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Journal of Neurosurgical Sciences 1998 June;42(2):89-94

lingua: Inglese

Is it pos­sible to recov­er from uncal her­ni­a­tion? Analysis of 71 head ­injured cases

Uzan M. 1, Yentur E. 2, Hanci M. 1, Kaynar M. Y. 1, Kafadar A. 1, Sarioglu A. C. 1, Bahar M. 2, Kuday C. 1

1 Department of Neurosurgery, Istanbul University, Cerrahpas¸a Medical Faculty, Istanbul, Turkey;
2 Department of Anaesthesiology, Istanbul University, Cerrahpas¸a Medical Faculty, Istanbul, Turkey


Background. Uncal her­ni­a­tion (UH) ­caused by head trau­ma may ­become a fatal pro­cess if not treat­ed rap­id­ly.
Methods. We ana­lysed the fac­tors affect­ing the out­come in 71 sur­gi­cal­ly treat­ed ­patients who had intra­cra­ni­al hae­mat­o­ma diag­nosed by com­pu­ter­ized tomog­ra­phy (CT), ­between January 1987 and June 1994 with the symp­toms of UH. Age, inci­dent-treat­ment inter­val, Glasgow Coma Scale (GCS), type of the ­lesion and the pres­ence of poly­trau­ma were cor­re­lat­ed with Glasgow Outcome Scales (GOS) using SPSS PC+ sta­tis­ti­cal soft­ware.
Results. 49.3% of our ­patients were ­referred ­because of a fall from a ­height and 46.5% ­because of a motor vehi­cle acci­dent. 12.7% of the ­patients were poly­trau­ma­tized. The mean GCS of the ­series was 5.662. The mean GCS of the ­patients ­expired and who were in good recov­ery state were 4.8 and 6.9 respec­tive­ly. Age, pres­ence of poly­trau­ma, type of the ­lesion and time inter­val ­between the inci­dent and the treat­ment was found to be sta­tis­ti­cal­ly insig­nif­i­cant when cor­re­lat­ed with GOS. The cor­re­la­tion value ­between the GCS val­ues and GOS was found to be high­ly sig­nif­i­cant (p<0.00001).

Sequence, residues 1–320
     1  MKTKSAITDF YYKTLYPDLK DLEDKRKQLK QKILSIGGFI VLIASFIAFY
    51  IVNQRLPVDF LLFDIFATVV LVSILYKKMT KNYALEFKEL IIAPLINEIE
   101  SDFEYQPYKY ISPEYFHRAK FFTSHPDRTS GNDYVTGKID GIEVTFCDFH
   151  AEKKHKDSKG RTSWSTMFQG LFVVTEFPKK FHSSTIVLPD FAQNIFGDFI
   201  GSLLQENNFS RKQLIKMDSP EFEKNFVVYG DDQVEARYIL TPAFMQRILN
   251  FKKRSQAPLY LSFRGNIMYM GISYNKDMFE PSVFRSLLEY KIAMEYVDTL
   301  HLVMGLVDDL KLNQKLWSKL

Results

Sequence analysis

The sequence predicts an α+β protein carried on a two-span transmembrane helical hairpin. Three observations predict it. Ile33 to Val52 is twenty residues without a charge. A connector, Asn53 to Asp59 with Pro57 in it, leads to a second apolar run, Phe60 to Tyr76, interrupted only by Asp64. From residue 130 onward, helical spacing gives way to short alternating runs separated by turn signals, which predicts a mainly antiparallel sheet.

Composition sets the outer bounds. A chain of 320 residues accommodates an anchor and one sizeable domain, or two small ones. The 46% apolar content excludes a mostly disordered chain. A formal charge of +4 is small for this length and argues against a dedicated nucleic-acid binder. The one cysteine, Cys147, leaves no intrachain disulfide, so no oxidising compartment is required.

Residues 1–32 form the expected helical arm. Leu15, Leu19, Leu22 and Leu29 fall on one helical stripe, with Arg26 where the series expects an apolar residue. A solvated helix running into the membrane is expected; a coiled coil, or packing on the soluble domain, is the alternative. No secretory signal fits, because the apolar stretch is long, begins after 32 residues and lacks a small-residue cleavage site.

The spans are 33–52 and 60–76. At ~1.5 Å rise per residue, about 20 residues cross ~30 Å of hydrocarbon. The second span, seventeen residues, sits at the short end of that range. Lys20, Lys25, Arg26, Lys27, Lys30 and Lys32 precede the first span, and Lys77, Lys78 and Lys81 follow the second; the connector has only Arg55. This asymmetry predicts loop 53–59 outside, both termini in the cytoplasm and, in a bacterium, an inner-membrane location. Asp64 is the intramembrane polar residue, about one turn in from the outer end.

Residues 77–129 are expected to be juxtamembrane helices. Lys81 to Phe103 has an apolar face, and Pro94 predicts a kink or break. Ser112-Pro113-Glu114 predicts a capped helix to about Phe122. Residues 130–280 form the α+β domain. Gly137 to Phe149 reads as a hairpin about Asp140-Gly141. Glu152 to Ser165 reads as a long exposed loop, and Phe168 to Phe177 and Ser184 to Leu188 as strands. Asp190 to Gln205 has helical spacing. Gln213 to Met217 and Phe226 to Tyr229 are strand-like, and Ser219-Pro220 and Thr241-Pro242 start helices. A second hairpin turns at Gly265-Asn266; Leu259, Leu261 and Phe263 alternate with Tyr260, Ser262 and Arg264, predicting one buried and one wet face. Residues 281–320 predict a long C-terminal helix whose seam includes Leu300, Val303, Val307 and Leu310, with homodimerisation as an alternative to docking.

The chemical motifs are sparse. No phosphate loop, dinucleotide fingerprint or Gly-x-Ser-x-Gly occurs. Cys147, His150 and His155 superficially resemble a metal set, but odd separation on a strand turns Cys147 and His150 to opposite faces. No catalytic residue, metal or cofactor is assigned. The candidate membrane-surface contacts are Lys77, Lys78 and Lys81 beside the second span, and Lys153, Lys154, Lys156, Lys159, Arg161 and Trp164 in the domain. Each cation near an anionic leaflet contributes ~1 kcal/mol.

Conclusions. The find­ings ­showed that the ­degree of the her­ni­a­tion is the most impor­tant fac­tor that ­affects the prog­no­sis of the ­patients with UH. The rever­sibil­ity of UH ­becomes more dif­fi­cult if there are com­pli­ca­tions added dur­ing the ­grades of its pro­gres­sion but it may not be nec­es­sar­i­ly fatal and be rever­sible if appro­pri­ate inter­ven­tions are rap­id­ly per­formed.

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